Crises are becoming increasingly complex and drawn out, which is putting more stress on an already strained humanitarian sector. The data underlines the importance of development institutions like the World Bank in funding crisis responses. While finance from multilateral development banks doubled between 2014 and 2019 (from US$5.4 billion to over US$10.7 billion), the analysis makes clear that the way these funds are distributed is vitally important. The majority (86%) of this funding is now delivered in the form of loans, rather than grants. While access to loans can be a vitally important source of funding for countries recovering from crisis, the authors emphasise that increased proportions of lending could also push countries into debt distress.

Development Initiatives argues that governments can’t “build back better” from Covid-19 without aligning pandemic spending with consistent and effective humanitarian finance to countries in need.

Development Initiatives' Senior Policy and Engagement Advisor and co-author of the report, Fran Girling said, “As the rest of the world recovers from Covid-19, people living in crisis are being left behind. We can’t “build back better” without tackling extreme poverty, reducing inequality and supporting the people who need it most. Now more than ever, providing support to countries and people worst impacted by crisis has to be a priority for governments worldwide. Failing to act on this data means choosing to leave people behind and setting back global stability and prosperity.”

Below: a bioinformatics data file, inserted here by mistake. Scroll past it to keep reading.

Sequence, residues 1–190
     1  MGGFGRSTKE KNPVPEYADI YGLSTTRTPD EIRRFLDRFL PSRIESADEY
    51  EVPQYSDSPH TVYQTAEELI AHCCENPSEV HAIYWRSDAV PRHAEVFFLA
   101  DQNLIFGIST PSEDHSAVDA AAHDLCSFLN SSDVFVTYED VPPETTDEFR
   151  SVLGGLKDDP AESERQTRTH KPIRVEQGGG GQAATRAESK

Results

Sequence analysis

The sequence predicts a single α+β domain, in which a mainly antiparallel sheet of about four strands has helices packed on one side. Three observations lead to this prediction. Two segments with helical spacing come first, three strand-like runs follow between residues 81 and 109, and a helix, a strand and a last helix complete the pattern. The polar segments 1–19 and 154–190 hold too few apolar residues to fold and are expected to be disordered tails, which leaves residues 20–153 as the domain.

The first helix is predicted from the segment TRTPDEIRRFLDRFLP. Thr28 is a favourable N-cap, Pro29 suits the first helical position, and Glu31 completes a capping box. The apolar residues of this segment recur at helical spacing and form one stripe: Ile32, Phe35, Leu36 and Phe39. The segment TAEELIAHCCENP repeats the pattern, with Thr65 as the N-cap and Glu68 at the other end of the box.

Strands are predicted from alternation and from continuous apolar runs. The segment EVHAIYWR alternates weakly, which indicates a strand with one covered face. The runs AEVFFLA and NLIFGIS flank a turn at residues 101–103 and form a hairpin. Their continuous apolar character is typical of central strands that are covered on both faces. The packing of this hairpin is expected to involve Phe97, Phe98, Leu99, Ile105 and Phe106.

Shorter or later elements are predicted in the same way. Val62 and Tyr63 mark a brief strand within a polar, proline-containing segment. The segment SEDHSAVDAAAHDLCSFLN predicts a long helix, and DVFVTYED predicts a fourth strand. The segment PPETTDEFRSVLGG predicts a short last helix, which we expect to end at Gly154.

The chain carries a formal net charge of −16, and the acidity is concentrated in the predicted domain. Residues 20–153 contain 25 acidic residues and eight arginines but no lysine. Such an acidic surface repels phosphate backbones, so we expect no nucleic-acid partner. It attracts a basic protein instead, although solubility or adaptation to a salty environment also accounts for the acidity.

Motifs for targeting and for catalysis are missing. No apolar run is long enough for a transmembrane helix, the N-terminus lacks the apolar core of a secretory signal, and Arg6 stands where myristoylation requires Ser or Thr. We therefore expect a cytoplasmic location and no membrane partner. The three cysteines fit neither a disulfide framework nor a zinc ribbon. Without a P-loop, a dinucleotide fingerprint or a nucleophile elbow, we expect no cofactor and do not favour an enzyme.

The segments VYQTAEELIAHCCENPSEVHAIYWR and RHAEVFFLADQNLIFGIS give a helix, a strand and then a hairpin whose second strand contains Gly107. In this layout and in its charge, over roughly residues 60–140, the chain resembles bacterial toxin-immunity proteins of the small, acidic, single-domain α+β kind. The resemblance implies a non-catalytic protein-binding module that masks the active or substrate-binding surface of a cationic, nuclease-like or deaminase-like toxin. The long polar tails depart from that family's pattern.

For further information, to request an advance copy of the report and to arrange interviews please contact Charlie Zajicek on +44 7592 034 721 / OR Kristiana Papi on kristiana.papi@digacommunications / +44 7572 382 252

Notes to editors

Development Initiatives (DI) is an international development organisation that applies the power of data and evidence to build sustainable solutions that create an equitable and resilient world. We work closely with partners to ensure data-driven evidence and analysis are used effectively in policy and practice to end poverty, reduce inequality and increase resilience.